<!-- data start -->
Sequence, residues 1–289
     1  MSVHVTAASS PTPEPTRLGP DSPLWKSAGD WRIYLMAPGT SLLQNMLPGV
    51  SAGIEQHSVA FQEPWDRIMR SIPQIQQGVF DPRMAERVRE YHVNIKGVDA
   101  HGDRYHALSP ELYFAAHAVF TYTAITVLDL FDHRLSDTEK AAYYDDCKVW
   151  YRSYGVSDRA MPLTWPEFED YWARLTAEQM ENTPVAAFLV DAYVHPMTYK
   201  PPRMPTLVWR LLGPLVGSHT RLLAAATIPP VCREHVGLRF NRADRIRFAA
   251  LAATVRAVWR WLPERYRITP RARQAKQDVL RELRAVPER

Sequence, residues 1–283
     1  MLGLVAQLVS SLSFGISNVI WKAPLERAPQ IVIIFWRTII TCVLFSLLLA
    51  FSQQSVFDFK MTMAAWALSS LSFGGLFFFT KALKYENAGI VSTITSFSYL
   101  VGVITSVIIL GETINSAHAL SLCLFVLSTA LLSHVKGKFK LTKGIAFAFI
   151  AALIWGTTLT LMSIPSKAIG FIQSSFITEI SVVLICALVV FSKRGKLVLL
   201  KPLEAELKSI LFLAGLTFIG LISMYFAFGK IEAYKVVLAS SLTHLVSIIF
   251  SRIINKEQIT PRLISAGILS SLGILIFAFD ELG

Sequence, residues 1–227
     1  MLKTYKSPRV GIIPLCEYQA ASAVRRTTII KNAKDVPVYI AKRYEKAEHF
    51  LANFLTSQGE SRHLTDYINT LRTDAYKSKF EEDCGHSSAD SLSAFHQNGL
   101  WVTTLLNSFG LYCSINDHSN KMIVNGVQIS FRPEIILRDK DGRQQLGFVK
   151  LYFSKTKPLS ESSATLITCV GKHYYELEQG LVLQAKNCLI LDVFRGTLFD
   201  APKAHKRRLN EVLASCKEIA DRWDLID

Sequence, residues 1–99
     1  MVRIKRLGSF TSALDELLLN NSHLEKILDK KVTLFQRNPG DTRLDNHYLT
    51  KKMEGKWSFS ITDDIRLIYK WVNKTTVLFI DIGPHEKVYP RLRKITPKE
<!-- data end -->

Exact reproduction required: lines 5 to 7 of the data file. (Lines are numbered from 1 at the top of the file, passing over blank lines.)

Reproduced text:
   151  YRSYGVSDRA MPLTWPEFED YWARLTAEQM ENTPVAAFLV DAYVHPMTYK
   201  PPRMPTLVWR LLGPLVGSHT RLLAAATIPP VCREHVGLRF NRADRIRFAA
   251  LAATVRAVWR WLPERYRITP RARQAKQDVL RELRAVPER